Editor’s Note: This article first appeared in the March 1972 issue of the Real Estate News Observer.

The real estate industry can never become a professional in the true sense as long as we bow our knees in reverence to the all-important in-ven-tor-y!

The constant drive to maintain or build up our in-ven-tor-y robs us of any vestige of professional ethics or principles. This drive causes us to say and do many things to beat out the competition, to sell the seller on “trusting” us with the disposing of his property.

In a way, it is not our fault – we were born into it, so to speak. When we entered the real estate business, our brokers told us in no uncertain terms that, “You are not in the real estate business until you have an inventory of listings. Go out and get some!”

And, in a way, it is not his fault, either, because he was trained the same way by his broker. And it has become such a hypnotic creed that even sales classes conducted by highly reputable organizations preach the dogma, “Get that inventory!”

But I say to you that more people have failed in the real estate business because of their in-ven-tor-y than have ever become a success because of it.

On the principle that a glass of water is necessary to life, we dive eagerly into the ocean of inventory and attempt to drink it all. And need I remind you what happens to the individual who doesn’t keep his mouth shut while diving into the ocean?

Our concept of in-ven-tor-y must change to one of quality rather than of quantity. I doubt very much that anyone can dispute the fact that one well listed, well priced, well counseled listing is a sale or exchange – automatically.

What are the chances of a similar sale or exchange resulting from a dozen “doggy listings”? How many of our usual listings would we have to have before we would make a wager for $1,000.00 we would have one sale closed and settled within 30 days?

Just as long as we allow the seller and our competition to force us into listing property at unrealistic prices, on unrealistic terms, and under unrealistic conditions – just that long will we remain the huckster in the public eye.

John Q. Public knows that no real professional allows his client to dictate the standards of performance in the professional’s field. No real professional will stoop to cutting his competitor’s throat, or haggle over price, or argue as to the best method of solving the problem.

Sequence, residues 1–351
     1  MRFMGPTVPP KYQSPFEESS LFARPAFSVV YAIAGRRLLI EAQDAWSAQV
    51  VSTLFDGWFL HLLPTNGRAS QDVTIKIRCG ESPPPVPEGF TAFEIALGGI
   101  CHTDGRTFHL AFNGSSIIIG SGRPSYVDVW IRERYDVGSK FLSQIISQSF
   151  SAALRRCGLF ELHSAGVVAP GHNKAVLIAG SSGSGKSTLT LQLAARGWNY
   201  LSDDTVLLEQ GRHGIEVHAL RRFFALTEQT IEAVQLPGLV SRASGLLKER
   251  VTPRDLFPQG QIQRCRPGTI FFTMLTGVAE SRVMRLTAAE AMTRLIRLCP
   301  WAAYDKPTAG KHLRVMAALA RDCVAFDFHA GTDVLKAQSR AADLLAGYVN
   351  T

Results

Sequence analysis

Until we can control our own operation, our own standards, our own methods of disposing of a well listed property, we are subject to the rules of the “jungle” – kill or be killed.

We will be forced to continue stalking our prey, using whatever means are indicated to make the “kill” so we can eat of the resultant commission – we hope.

We must consider the cost of our “bad” listings – the cost in time, energy, enthusiasm, and money. We must analyze the value of the minutes and hours spent placating owners of “bad” listings – to no avail.

We must learn to be selective -very selective – in choosing the listings we accept. They must qualify in all respects – including a reasonable and cooperative owner, a price which the current market will substantiate, on terms generally available, and in a condition which makes it valuable and useable to someone else.

We must consider and value the money spent on advertising property which will not sell at the price and terms offered, and which informs the public we are not experts in real estate – only opportunists. And who wishes to trust a large transaction to an opportunist?

Until we do learn to inventory this type of listing, we must continue the exhausting fight to keep afloat without too much of the ocean.

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  1. […] here by the Society Of Exchange Counselors which we were both members of from the start: S.E.C. Real Estate Observer ? The S.E.C. History Files Winter 2008 ? Inventory Most people do not realize, that 80% of the people that enter the real estate business will fail […]